Insulin secretion and insulin sensitivity in relation to glucose tolerance: lessons from the Botnia Study

D Tripathy, M Carlsson, P Almgren, B Isomaa, M R Taskinen, T Tuomi, L C Groop
Diabetes 2000, 49 (6): 975-80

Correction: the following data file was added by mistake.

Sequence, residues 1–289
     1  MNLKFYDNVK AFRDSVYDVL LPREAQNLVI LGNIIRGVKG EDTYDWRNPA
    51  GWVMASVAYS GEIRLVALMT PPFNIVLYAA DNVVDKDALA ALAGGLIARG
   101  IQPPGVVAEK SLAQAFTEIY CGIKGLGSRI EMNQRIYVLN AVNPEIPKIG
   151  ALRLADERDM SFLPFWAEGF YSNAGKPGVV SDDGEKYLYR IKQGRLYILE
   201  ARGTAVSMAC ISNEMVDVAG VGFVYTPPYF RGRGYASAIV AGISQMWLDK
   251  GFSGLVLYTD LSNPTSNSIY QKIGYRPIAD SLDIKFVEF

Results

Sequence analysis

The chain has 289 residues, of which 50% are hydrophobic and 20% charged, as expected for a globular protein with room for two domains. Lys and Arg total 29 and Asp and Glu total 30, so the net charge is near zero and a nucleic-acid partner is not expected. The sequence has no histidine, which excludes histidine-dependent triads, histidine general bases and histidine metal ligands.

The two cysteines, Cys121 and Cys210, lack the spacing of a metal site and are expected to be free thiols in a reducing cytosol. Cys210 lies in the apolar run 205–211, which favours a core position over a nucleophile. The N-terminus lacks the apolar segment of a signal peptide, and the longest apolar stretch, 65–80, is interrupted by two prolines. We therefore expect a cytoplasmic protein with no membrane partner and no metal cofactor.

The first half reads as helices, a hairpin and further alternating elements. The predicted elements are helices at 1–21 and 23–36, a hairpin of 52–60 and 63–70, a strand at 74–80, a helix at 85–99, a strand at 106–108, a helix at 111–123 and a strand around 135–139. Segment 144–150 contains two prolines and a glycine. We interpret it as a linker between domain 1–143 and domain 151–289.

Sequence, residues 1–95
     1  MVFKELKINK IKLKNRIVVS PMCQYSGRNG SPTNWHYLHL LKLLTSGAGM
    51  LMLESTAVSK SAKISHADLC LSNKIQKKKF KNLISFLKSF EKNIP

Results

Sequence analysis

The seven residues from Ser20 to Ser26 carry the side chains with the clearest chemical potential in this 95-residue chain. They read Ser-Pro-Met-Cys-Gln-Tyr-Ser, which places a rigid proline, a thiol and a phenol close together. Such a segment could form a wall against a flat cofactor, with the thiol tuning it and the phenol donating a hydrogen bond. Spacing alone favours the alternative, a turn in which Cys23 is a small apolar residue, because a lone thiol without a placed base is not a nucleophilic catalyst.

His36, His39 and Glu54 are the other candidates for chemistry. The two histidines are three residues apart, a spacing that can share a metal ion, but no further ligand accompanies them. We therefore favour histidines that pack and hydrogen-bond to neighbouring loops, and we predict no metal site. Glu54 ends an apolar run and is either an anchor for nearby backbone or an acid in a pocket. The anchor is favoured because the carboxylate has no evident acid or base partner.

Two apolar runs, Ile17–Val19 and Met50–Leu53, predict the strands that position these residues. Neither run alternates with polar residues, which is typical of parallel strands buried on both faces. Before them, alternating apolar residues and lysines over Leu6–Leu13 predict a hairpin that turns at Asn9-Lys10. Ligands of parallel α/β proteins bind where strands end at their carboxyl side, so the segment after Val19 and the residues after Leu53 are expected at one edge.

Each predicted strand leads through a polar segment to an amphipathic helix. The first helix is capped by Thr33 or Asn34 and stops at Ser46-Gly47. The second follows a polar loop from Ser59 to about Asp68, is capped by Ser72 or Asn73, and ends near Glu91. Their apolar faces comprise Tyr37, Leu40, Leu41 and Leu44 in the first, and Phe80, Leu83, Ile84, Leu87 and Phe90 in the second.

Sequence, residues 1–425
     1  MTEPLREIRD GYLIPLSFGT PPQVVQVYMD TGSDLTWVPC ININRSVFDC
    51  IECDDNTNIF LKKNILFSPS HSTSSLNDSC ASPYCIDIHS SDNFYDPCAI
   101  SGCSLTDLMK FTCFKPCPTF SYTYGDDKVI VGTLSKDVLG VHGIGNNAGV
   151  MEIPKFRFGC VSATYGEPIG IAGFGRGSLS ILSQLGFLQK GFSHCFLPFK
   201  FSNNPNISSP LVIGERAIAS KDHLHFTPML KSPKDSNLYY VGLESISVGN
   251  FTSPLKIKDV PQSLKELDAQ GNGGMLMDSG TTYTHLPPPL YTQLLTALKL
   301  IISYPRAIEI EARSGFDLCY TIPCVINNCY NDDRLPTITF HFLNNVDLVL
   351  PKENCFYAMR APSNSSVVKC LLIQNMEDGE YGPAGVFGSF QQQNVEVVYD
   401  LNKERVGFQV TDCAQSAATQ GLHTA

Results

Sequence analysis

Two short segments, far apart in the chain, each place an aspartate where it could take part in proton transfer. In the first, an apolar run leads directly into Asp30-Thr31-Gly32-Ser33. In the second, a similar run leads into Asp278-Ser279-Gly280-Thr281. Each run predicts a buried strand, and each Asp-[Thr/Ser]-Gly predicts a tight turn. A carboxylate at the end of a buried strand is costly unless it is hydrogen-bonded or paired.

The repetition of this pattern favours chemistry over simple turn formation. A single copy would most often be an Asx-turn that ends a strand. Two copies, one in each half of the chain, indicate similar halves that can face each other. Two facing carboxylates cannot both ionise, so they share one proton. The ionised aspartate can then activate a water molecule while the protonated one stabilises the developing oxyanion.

Recently, a new stage in glucose tolerance, impaired fasting glucose (IFG) (fasting plasma glucose level of 6.1-6.9 mmol/l), was introduced in addition to impaired glucose tolerance (IGT) (2-h glucose level of 7.8-11.0 mmol/l). It is not clear whether IFG and IGT differ with respect to insulin secretion or sensitivity. To address this question, we estimated insulin secretion (by measuring both insulin levels and the ratio of insulin-to-glucose levels in 30-min intervals) and insulin sensitivity (by using the homeostasis model assessment [HOMA] index) from an oral glucose tolerance test (OGTT) in 5,396 individuals from the Botnia Study who had varying degrees of glucose tolerance. There was poor concordance between IFG and IGT: only 36% (303 of 840) of the subjects with IFG had IGT, whereas 62% (493 of 796) of the subjects with IGT did not have IFG. Compared with subjects with normal glucose tolerance (NGT), subjects with IFG were more insulin resistant (HOMA-insulin resistance [IR] values 2.64 +/- 0.08 vs. 1.73 +/- 0.03, P < 0.0005), had greater insulin responses during an OGTT (P = 0.0001), had higher waist-to-hip ratios (P < 0.005), had higher triglyceride and total cholesterol concentrations (P < 0.0005), and had lower HDL cholesterol concentrations (P = 0.0001). Compared with subjects with IFG, subjects with IGT had a lower incremental 30-min insulin-to-glucose area during an OGTT (13.8 +/- 1.7 vs. 21.7 +/- 1.7, P = 0.0008). Compared with subjects with IGT, subjects with mild diabetes (fasting plasma glucose levels <7.8 mmol/l) showed markedly impaired insulin secretion that could no longer compensate for IR and elevated glucose levels. A progressive decline in insulin sensitivity was observed when moving from NGT to IGT and to subjects with diabetes (P < 0.05 for trend), whereas insulin secretion followed an inverted U-shaped form. We conclude that IFG is characterized by basal IR and other features of the metabolic syndrome, whereas subjects with IGT have impaired insulin secretion in relation to glucose concentrations. An absolute decompensation of beta-cell function characterizes the transition from IGT to mild diabetes.

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